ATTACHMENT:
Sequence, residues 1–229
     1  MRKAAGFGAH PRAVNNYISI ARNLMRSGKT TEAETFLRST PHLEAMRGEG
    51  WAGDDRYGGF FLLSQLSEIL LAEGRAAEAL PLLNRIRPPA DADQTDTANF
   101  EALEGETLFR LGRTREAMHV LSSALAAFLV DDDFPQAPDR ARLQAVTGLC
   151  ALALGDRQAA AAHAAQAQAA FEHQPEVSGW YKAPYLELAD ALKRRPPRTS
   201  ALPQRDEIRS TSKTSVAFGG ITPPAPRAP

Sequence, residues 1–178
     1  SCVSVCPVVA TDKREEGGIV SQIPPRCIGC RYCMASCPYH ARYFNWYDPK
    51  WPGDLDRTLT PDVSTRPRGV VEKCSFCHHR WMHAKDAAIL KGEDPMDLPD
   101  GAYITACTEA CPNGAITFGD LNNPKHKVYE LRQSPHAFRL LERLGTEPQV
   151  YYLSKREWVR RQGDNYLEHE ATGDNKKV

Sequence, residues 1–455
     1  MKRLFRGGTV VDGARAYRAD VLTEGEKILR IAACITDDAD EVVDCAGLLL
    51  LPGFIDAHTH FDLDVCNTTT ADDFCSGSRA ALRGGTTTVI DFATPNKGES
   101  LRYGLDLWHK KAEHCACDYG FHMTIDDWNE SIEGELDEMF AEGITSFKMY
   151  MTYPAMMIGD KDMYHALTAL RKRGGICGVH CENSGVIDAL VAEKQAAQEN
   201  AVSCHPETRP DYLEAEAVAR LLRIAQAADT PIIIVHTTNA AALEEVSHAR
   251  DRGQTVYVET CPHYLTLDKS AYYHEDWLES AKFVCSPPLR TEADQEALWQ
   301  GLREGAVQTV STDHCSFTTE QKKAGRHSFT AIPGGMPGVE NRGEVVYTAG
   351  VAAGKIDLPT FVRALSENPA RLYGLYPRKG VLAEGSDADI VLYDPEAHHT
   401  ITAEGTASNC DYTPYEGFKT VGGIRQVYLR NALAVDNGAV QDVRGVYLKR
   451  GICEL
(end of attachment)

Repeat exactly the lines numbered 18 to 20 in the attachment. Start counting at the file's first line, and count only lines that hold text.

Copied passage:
   251  DRGQTVYVET CPHYLTLDKS AYYHEDWLES AKFVCSPPLR TEADQEALWQ
   301  GLREGAVQTV STDHCSFTTE QKKAGRHSFT AIPGGMPGVE NRGEVVYTAG
   351  VAAGKIDLPT FVRALSENPA RLYGLYPRKG VLAEGSDADI VLYDPEAHHT